By Bruce Lawsonbrucelawson. Thursday, November 27, 2008 11:03:47 AM
After 8 days, 11 universities and 9 kilograms of Nasi Goreng per person, the first Opera university tour of Indonesia is finished.
Here are Bruce's slides: Web Standards for the Future, (PDF 550K). Note that I was tweaking and changing the slides depending on the University's focus, so here's the "full" version that includes everything. No university got all of these. The format is accessible PDF to make it small, as I've experienced Indonesian bandwidth speeds..! If you need another format, drop me a line. You're welcome to share these with your friends or classmates - I hope they make sense. If not…well, you'll have to invite me back again!
The HTML demos are available, but you'll need a special video build of Opera to watch the videos.
Here's the cool
Zibin's slides: Web Browser Industry (PDF 1M). This presentation is about the mobile web industry -trends today and tomorrow. I've also presented Opera's four main products. The slide about top ten sites transcoded by Opera Mini in Indonesia was the showstopper. Audience giggled upon finding out that friendster bandwidth was more than the 2nd to 10th spot combined.
To celebrate the success of the Indonesian tour, we've published a new State of the Mobile Web report focussing on South-East Asian mobile browsing. Bad news for any web site that doesn't follow Web Standards, with data like this:
- Indonesia and Malaysia lead the way for mobile Web adoption, followed by Thailand and Brunei.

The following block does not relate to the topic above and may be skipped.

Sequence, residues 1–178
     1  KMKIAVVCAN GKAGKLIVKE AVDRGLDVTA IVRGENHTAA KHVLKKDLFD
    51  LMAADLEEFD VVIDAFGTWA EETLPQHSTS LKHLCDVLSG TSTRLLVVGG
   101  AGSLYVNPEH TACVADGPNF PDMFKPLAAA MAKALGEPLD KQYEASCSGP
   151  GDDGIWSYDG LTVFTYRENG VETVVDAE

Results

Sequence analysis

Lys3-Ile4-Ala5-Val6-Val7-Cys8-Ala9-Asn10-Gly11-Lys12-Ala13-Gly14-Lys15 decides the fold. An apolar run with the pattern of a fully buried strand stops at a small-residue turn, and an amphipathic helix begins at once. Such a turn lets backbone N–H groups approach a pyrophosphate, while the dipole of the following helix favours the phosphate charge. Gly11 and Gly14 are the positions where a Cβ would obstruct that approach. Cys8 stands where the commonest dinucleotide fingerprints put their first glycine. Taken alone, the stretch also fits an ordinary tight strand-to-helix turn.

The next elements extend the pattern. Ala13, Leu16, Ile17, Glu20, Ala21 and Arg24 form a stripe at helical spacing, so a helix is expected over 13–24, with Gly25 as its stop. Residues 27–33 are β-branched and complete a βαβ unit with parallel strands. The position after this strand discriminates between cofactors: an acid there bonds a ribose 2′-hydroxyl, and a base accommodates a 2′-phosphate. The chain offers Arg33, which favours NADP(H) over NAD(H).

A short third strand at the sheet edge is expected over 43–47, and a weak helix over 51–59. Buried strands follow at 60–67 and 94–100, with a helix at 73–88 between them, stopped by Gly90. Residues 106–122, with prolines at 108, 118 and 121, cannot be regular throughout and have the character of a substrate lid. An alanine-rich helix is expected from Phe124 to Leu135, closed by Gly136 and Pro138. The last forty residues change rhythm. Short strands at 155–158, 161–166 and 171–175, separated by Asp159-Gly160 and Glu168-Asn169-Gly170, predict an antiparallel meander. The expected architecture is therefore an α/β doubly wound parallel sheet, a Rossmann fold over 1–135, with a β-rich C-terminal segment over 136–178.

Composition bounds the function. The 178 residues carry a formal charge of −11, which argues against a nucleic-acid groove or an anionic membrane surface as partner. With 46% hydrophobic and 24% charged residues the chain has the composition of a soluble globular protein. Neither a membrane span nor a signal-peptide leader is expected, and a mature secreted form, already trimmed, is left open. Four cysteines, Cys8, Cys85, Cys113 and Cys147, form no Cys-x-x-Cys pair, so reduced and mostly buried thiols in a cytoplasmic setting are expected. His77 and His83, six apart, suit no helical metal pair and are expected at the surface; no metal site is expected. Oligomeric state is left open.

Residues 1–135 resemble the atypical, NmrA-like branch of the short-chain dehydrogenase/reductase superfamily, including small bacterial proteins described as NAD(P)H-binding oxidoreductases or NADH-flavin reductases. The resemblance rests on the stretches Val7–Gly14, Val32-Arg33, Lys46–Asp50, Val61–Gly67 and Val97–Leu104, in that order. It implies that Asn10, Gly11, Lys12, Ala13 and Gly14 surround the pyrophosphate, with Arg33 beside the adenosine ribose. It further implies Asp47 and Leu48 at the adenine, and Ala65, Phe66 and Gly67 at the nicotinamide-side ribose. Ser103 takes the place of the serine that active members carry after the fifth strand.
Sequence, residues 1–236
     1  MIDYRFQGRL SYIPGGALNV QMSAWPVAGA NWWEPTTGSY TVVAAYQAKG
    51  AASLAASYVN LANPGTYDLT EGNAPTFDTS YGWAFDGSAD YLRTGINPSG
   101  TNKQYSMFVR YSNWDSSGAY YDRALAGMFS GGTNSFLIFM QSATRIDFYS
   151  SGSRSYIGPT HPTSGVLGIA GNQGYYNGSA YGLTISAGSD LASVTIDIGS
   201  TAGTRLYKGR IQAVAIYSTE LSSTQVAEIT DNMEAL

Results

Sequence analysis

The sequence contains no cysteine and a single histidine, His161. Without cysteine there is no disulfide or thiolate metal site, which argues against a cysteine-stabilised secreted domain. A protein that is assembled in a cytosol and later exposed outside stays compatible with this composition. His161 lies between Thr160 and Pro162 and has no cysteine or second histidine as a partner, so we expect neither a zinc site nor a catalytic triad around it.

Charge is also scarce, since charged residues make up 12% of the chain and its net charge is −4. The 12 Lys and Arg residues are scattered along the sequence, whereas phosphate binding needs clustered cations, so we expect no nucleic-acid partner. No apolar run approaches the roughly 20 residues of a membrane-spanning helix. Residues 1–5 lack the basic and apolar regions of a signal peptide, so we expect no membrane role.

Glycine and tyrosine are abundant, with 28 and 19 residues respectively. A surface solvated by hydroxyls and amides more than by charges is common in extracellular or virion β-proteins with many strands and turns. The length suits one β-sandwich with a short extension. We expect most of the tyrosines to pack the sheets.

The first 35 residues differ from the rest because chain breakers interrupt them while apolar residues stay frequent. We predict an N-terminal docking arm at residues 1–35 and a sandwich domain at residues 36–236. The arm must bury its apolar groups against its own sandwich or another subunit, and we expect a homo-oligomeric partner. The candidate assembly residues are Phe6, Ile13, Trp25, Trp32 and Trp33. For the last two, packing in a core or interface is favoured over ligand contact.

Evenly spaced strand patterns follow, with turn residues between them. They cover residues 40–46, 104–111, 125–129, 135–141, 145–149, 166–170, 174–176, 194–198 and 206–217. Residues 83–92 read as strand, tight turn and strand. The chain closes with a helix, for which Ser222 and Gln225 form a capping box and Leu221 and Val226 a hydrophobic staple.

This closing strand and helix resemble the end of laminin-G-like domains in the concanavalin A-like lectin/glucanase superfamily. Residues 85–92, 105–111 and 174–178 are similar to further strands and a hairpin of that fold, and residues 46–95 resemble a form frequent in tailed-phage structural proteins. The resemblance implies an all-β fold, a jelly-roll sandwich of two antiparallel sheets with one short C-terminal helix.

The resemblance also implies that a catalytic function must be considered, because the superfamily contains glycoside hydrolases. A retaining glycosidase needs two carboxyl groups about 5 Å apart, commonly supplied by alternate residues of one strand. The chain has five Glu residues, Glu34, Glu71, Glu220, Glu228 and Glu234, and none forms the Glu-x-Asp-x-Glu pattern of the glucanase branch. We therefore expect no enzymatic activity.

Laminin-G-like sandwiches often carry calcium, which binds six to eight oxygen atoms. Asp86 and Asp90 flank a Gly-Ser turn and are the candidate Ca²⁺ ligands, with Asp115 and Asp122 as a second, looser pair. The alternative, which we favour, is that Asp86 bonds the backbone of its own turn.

Indonesia leads the top 9 countries in page views, with each user browsing 358 pages on average in October 2008, well above the global average.
- Growth rates are soaring: Malaysia leads the top 9 with 462.6% growth in users this year, followed by the Philippines (396.4% growth) and Indonesia (329.5% growth).
- Friendster is the premier social-networking site in the region, with hi5 coming in second.
Nokia is dominant in the region, with brands like Sony Ericsson and Huawei competing for a distant second place.
Bruce's Indonesian photos are available on Flickr.
By Henny Swaniheni. Wednesday, November 12, 2008 11:50:57 AM
Last week I was fortunate enough to join the second week of the Opera Education University Tour in the States talking at universities in and around LA and San Diago including University of California Irvine, University of California Los Angeles, University of Southern California and University of California San Diago. My talk focused on web accessibility and standards plus innovations in HTML 5 with my colleague, Philip Gronvold, talking about Opera widgets and mobile. It was a lot of fun to meet so many bright students, mostly computer scientists, who while not learning web design directly all shared a passion for it and found the time to study outside of class.
A highlight for me was meeting students at USC who were recently involved in SS12, a weekend code-a-thon challenge to create innovative and accessible applications run by a group called Project Possibility. I learnt about how they had hacked Meebo to make it accessible, Axsjax maps and accessible multi-IM clients. It reminded me of the work that the Scripting Enabled community are doing hacking social networks and scripts to make them more accessible (check out my blog for a write up about the Scripting Enabled London event). Exciting stuff and I hope to talk to these guys more in the future.